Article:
Fuel fig­ures ‘mis­lead’ car buy­ers

Lesotho Times - - Motoring -

LON­DON — Con­sumers could be spend­ing an av­er­age of thou­sands more on fuel a year than they thought they would as a re­port by in­de­pen­dent Bri­tish con­sumer com­pany which sug­gests man­u­fac­tur­ers are mis­lead­ing con­sumers by over­stat­ing the fuel-econ­omy fig­ures to make their cars seem more ef­fi­cient.

The re­port found that only three of the 200 mod­els tested by the com­pany across 2013 and 2014 reached the of­fi­cial miles-per-gal­lon (mpg) fig­ure stated in in­for­ma­tion sup­plied by their man­u­fac­turer, with cars fall­ing short by an av­er­age of 13 per­cent.

In con­trast, the Mit­subishi Out­lander PHEV hy­brid was the worst per­form­ing ve­hi­cle, only man­ag­ing 67mpg in testing de­spite the of­fi­cial fig­ures sug­gest­ing it could achieve 148mpg. It means that the an­nual fuel cost more than dou­bles to £841 (M14 643).

Fuel ef­fi­ciency tests have not been up­dated since 1997 and as a re­sult Which?, and other con­sumer or­gan­i­sa­tions, be­lieve “it sim­ply doesn’t rep­re­sent real-world driv­ing and is rid­dled with loop­holes”.

The New Euro­pean Driv­ing Cy­cle (NEDC), cur­rently used to cal­cu­late mpg fig­ures, has not been up­dated to ac­count for re­cent ad­vances in mo­tor­ing that in­clude the use of stop-start and hy­brid tech­nol­ogy.

In ad­di­tion, the test is car­ried out with all an­cil­lary loads turned off, mean­ing that air con­di­tion­ing, heated win­dows and lights are all turned off to in­crease ef­fi­ciency.

Roof rails, ex­tra lights and door mir­rors can be re­moved to make the car lighter and there is no re­stric­tion on the air pres­sure of tyres.

As a re­sult, Which? is call­ing for the Euro­pean Com­mis­sion to in­tro­duce its new testing pro­ce­dure in two years’ time, as sched­uled, de­spite it “fac­ing heavy pres­sure from the car in­dus­try to de­lay the change un­til 2020”.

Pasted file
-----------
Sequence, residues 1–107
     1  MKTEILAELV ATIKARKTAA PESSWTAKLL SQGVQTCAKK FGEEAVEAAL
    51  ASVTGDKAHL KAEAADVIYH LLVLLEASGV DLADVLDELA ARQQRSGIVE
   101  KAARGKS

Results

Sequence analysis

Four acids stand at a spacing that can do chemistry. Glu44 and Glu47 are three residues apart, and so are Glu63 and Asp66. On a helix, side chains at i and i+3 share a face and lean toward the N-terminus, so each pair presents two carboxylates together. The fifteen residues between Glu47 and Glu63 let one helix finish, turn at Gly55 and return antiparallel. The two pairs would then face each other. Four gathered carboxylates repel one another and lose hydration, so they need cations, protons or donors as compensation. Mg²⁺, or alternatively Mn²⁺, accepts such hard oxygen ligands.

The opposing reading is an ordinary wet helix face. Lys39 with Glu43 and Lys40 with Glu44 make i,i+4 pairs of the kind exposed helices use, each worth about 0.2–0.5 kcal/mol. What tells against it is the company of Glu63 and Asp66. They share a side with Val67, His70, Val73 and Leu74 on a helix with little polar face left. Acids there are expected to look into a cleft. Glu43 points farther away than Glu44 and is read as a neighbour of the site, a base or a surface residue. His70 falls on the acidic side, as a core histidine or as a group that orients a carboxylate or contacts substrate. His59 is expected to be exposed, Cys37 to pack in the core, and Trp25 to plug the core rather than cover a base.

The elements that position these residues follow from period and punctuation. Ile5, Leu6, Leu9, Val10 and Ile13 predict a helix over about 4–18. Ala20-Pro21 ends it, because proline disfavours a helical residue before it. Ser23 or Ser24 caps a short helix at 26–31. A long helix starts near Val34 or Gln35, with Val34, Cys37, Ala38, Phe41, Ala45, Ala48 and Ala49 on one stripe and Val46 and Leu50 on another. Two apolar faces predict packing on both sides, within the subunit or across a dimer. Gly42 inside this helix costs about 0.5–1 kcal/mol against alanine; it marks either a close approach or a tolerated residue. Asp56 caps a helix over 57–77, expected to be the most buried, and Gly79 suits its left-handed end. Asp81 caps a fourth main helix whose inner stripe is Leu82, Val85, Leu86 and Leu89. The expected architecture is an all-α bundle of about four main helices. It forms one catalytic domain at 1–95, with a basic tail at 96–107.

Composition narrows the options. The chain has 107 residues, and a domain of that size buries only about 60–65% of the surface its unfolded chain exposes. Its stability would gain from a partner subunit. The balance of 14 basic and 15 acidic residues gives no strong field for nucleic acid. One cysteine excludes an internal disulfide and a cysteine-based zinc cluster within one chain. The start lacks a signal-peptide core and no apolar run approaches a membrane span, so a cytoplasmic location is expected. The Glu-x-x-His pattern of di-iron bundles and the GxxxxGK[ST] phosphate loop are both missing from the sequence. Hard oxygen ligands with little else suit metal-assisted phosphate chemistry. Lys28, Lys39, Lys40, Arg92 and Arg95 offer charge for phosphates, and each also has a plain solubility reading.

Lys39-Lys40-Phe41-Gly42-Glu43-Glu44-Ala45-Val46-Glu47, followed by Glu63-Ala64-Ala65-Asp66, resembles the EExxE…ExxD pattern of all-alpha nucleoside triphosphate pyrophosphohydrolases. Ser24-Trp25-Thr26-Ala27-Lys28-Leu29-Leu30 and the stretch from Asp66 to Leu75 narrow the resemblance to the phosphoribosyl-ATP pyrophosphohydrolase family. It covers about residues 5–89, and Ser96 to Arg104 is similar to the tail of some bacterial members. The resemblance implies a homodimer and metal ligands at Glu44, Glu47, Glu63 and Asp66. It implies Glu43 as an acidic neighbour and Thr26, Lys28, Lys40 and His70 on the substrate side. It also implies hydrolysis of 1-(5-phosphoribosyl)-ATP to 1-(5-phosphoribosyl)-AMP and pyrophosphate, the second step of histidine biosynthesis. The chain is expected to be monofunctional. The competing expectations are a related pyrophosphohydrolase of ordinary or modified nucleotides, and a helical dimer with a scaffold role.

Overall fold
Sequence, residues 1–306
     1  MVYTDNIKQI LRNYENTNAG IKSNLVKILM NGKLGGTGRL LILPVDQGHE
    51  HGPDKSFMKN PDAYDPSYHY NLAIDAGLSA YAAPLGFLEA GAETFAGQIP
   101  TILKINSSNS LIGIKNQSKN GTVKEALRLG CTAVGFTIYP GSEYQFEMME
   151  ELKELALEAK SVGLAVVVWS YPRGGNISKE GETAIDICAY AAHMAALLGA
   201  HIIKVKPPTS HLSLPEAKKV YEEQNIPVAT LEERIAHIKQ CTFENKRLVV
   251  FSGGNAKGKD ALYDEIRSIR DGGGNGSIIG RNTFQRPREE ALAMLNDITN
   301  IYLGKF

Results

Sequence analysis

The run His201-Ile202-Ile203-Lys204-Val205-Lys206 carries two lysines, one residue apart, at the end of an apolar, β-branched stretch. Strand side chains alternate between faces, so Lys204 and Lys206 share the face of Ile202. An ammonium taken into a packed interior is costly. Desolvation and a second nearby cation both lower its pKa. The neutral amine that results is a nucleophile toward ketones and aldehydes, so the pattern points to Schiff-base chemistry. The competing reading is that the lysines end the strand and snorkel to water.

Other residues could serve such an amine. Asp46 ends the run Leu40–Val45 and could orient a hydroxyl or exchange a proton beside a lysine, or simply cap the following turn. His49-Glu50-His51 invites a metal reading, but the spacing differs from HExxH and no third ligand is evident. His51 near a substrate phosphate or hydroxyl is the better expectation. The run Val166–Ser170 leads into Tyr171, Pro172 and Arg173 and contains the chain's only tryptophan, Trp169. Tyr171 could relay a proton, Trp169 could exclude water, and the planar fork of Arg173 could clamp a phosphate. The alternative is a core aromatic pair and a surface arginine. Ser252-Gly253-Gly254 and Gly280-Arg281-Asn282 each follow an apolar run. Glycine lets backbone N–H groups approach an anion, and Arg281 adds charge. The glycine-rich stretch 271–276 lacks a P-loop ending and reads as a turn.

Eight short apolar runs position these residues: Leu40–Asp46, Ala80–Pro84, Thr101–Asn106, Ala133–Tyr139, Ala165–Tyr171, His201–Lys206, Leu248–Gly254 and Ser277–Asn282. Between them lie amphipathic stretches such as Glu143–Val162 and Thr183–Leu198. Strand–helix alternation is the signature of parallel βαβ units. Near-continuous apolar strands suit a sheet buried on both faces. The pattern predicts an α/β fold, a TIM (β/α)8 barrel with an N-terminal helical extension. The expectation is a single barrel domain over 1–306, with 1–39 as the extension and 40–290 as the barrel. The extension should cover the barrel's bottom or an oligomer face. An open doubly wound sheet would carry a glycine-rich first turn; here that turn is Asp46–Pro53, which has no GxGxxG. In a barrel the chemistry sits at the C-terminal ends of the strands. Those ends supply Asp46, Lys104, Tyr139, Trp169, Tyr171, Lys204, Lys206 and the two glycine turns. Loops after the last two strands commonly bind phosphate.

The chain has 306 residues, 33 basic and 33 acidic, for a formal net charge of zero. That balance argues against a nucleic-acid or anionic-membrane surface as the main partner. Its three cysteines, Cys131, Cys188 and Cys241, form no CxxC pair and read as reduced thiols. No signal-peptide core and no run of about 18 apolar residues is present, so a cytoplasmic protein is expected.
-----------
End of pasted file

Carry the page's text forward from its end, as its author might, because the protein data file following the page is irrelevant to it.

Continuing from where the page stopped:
It says the process “needs to be com­pleted prop­erly with­out rush­ing to meet un­re­al­is­tic dead­lines, so that it is ro­bust”.

The new test will closely mir­ror the one car­ried out by which uses a rolling road, al­low­ing the test to be com­pleted in ex­actly the same way ev­ery time.

The which test cy­cle also in­cludes more com­pre­hen­sive testing at higher speeds where cars burn more fuel, and is car­ried out with the air con­di­tion­ing, head­lights, and ra­dio on. Which ex­ec­u­tive direc­tor Richard Lloyd said: “The cost of fuel is one of the big­gest con­cerns for con­sumers which is why fuel ef­fi­ciency has be­come an im­por­tant sell­ing point for new cars.

“The new test should be brought in with­out de­lay so con­sumers are no longer mis­led by fan­tasy mpg fig­ures.”

But Mit­subishi Mo­tors UK man­ag­ing direc­tor Lance Bradley dis­puted the claims.

He said: “The cur­rent test regime for emis­sions and fuel con­sump­tion test is out­dated and does the in­dus­try no favours but the sug­ges­tion that we in some way are mis­lead­ing car buy­ers is well wide of the mark and ir­re­spon­si­ble.”

All man­u­fac­tur­ers are re­quired to put their cars through a strict of­fi­cial test, called the NEDC (New Euro­pean Drive Cy­cle).

This has been around since the 1970s and, Mit­subishi says, makes no ac­count of new plug-in hy­brid tech­nol­ogy.

As the Out­lander PHEV can be driven un­der elec­tric power alone, it can com­plete part of its jour­ney (32.5 miles of­fi­cially) with­out us­ing any fuel. This af­fects the of­fi­cial fuel con- sump­tion tests. If the ve­hi­cle is used mainly for lots of small jour­neys be­tween charges it will use very lit­tle fuel, mean­ing it’ll be more ef­fi­cient than the of­fi­cial 148mpg fig­ure.

Al­ter­na­tively, if it is used for long jour­neys with­out be­ing charged, it will use con­sid­er­ably more fuel.

— Mo­tor­ingre­search

Car man­u­fac­tur­ers have been ac­cused of mis­lead­ing cus­tomers about fuel ef­fi­ciency.

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